The ensemble spread is defined as the square root of the mean variance over the ensemble. It provides information about the differences between the different forecasts within the ensemble and thus about the uncertainty in the forecasts. A large ensemble spread means that the different ensemble members diverge in their predictions and that there is a high uncertainty associated with the forecast. A low ensemble spread translates to rather high confidence in the forecast, as the forecasts from individual ensemble members are close to each other even though the members' initial states and physical processes have been perturbed.


A commonly used metric for the accuracy, or skill, of an ensemble prediction system is the root-mean-square error (RMSE) of the ensemble mean. Although the ensemble mean does not necessarily represent a physically consistent state of the atmosphere, it is usually more skillful than any single ensemble member. The overall reliability of an ensemble prediction system may then be assessed by the so-called spread-skill ratio, i.e. ensemble spread divided by RMSE of the ensemble mean. In a reliable ensemble prediction system, the ensemble spread and the RMSE of the ensemble mean are thought of to equal one another, and the spread-skill ratio should be 1. This is because the RMSE for an unbiased estimator, such as a well-calibrated ensemble, is equal to the square root of the variance, which is the definition of the ensemble spread.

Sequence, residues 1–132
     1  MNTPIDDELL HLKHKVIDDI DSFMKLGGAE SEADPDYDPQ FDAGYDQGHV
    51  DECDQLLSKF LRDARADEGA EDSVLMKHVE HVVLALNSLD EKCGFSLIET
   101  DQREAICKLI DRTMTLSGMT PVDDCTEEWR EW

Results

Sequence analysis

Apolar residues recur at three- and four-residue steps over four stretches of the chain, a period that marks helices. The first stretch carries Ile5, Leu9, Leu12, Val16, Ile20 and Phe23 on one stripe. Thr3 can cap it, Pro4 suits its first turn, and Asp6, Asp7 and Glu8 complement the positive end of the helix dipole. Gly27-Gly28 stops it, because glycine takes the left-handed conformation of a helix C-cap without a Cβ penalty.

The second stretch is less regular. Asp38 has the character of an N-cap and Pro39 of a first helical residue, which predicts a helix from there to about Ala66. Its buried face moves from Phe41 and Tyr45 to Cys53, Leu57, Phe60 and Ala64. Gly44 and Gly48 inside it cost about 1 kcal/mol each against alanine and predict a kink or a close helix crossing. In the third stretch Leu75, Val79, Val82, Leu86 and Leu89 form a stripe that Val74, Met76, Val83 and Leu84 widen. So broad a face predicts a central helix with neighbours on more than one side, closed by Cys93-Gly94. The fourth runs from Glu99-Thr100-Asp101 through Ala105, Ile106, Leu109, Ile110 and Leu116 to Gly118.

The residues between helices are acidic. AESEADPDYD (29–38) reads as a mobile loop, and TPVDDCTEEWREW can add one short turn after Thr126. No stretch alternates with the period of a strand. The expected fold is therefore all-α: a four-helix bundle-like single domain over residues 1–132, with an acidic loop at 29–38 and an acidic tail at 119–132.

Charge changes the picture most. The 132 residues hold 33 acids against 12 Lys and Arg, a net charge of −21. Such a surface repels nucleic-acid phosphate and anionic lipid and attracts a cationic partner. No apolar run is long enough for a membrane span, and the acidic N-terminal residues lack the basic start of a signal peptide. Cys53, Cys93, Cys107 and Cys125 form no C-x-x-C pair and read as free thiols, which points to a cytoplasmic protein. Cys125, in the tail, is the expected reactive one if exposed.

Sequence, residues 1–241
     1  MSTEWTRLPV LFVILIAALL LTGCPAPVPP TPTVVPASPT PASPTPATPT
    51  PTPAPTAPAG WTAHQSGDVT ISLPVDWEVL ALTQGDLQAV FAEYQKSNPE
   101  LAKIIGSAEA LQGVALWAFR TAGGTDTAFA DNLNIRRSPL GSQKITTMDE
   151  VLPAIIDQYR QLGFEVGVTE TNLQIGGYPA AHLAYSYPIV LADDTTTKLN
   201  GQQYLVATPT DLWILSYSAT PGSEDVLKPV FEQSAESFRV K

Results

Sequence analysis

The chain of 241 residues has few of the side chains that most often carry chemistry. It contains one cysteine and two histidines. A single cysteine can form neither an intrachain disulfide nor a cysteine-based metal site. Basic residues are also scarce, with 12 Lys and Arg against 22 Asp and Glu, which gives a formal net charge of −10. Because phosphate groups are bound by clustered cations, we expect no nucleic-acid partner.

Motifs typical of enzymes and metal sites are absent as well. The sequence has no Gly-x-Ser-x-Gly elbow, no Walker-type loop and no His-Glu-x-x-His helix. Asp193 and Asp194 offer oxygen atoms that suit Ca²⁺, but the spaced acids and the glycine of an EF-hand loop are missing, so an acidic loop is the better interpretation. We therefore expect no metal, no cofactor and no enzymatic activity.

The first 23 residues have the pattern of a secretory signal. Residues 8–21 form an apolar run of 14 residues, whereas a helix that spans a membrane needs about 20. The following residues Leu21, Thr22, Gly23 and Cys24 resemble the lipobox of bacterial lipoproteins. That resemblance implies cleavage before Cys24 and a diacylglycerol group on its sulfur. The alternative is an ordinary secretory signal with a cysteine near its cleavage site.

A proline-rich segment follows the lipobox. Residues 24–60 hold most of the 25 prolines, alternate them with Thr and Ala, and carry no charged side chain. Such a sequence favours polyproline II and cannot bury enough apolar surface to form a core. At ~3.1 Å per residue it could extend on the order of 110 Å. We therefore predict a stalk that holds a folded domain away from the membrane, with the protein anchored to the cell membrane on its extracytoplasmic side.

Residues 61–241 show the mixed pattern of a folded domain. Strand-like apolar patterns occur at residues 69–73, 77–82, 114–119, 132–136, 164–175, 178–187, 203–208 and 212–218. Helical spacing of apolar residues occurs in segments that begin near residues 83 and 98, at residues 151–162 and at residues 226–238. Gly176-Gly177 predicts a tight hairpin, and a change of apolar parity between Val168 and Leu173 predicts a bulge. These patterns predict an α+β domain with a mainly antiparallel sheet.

The spread-skill ratio for our downscaled ensemble predictions of 10-m wind speed is shown in Figure 2, as a function of forecast lead time.


Figure 2. Spread-skill ratio for predictions of 10-m wind speed from the ECMWF ensemble (blue), WRF 3-km ensemble (black) and WRF time-lagged ensemble (yellow). Modelled wind speeds are validated against observations at 248 measurement stations, from ensemble predictions initialized between 17 October and 10 November 2014.


The dynamical downscaling improves the spread-skill ratio considerably: the ratio is almost doubled at forecast lead times greater than zero. Changes in the spread-skill ratio are due to both an increased ensemble spread and a decreased RMSE of the ensemble mean. The ensemble spread is improved by the downscaling, as the decreased grid spacing allows for a more detailed representation of mesoscale flow features, and wind fields in the 3-km WRF ensemble are less smooth than those in the larger-scale ECMWF ensemble. The RMSE is improved due to the enhanced representation of the coast line, coastal terrain and topographically-induced flow features.


The time-lagged initialization improves the spread-skill ratio further. The ensemble spread in the time-lagged WRF ensemble is increased because of two reasons. First, half of the ensemble members had more simulation time available to develop divergent model states. Second, the time-lagged ensemble members are initialized with different initial-state analyses, which may result in more divergent predictions, depending on the forecast uncertainty associated with the model's initial state.